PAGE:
In addition to requiring the development of internal privacy policies, both federal and provincial privacy legislation require companies to expressly designate an individual who will be responsible for the organization’s compliance with privacy legislation. Your company may also need to make this person’s identity and contact information available to regulators and in some circumstances to the general public.
This role can be assigned to any existing member of your team, as there is no requirement that the individual be specifically hired for this position or that they focus 100% of their time on privacy issues. However, the responsibilities of this role should not be underestimated, and it’s important that the person you appoint is the right fit for the job.
You should keep in mind that your privacy officer will usually be the first person anyone outside your company contacts when they have a privacy issue, from a member of the public who is unhappy with how their information is being handled to a regulator from a government agency. The privacy officer will also have a wide range of responsibilities, from answering questions about your company’s privacy policies, dealing with public complaints, answering information access requests (some legislation gives individuals the right to request their personal information from your company) and dealing with regulators.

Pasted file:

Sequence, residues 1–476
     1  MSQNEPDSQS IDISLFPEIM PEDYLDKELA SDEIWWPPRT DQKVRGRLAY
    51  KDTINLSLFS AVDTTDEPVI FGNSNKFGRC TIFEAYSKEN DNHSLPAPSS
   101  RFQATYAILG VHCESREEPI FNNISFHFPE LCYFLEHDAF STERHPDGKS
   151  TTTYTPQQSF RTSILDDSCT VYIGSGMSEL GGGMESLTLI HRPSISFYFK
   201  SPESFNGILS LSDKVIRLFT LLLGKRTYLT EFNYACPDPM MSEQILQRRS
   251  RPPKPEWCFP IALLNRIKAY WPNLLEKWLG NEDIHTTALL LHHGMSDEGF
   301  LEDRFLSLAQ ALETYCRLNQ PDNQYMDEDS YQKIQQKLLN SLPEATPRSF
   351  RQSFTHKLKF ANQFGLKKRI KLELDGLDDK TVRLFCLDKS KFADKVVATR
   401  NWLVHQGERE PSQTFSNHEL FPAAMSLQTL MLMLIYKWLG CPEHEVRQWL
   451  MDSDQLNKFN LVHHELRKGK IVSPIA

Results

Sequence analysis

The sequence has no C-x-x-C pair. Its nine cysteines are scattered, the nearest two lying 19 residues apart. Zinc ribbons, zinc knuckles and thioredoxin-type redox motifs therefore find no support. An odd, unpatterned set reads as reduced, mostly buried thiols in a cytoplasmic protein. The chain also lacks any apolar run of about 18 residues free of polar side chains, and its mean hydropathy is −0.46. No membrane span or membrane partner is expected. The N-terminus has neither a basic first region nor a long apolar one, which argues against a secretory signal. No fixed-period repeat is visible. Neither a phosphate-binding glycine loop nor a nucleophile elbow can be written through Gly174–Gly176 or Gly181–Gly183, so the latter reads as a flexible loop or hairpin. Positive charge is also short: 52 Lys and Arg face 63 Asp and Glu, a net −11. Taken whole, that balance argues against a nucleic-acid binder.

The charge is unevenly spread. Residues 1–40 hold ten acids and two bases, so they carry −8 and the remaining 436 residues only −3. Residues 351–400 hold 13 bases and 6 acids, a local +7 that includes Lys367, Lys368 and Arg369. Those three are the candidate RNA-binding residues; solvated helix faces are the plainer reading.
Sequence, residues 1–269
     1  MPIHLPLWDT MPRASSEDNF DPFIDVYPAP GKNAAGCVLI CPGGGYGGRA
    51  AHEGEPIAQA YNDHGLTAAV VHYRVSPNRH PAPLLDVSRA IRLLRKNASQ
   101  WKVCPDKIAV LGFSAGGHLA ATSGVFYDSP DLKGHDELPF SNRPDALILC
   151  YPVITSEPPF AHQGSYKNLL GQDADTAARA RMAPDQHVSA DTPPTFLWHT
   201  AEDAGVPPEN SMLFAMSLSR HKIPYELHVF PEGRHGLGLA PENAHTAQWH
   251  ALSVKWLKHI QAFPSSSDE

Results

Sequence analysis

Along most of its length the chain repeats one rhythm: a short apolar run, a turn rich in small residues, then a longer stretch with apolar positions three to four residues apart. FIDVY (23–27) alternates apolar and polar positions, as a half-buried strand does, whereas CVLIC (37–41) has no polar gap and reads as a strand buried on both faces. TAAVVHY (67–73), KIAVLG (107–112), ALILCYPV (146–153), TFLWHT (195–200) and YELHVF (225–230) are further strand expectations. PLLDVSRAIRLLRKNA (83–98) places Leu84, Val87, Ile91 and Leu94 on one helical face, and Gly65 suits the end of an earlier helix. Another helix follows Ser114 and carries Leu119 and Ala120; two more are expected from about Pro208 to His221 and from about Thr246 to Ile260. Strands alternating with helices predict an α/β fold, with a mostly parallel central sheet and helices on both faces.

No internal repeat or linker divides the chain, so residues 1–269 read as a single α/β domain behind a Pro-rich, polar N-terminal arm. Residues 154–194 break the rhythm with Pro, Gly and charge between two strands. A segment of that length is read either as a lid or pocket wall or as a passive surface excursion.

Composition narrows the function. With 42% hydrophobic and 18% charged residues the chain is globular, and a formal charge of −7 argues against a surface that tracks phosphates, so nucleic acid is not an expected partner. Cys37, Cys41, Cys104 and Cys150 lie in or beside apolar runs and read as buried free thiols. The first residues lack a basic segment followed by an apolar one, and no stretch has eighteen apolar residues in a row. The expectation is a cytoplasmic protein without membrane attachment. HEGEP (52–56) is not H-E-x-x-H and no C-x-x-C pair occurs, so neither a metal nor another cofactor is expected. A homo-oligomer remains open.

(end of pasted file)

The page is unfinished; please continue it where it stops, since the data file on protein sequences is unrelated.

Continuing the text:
It is important that the person you designate have both a thorough understanding of your company’s legal obligations and internal privacy policies, as well as the interpersonal and administrative skills necessary for the job.
The above is of course by no means a comprehensive list of everything your company needs to do to make sure it is compliant with Canadian privacy laws. Indeed the laws in this area are evolving at a brisk pace (by legal standards) as the legislature and regulators try to catch up with changes in technology, and compliance with privacy legislation will continue to be a challenge for Canadian businesses for the foreseeable future. However, simply being alive to privacy issues in your everyday decision making and taking steps to remedy any major gaps in your internal privacy procedures you can a long way towards ensuring that your company remains compliant with privacy legislation, and steers clear of potentially costly regulatory issues down the road.
Note: This article contains general advice presented educational purposes and does not represent legal advice.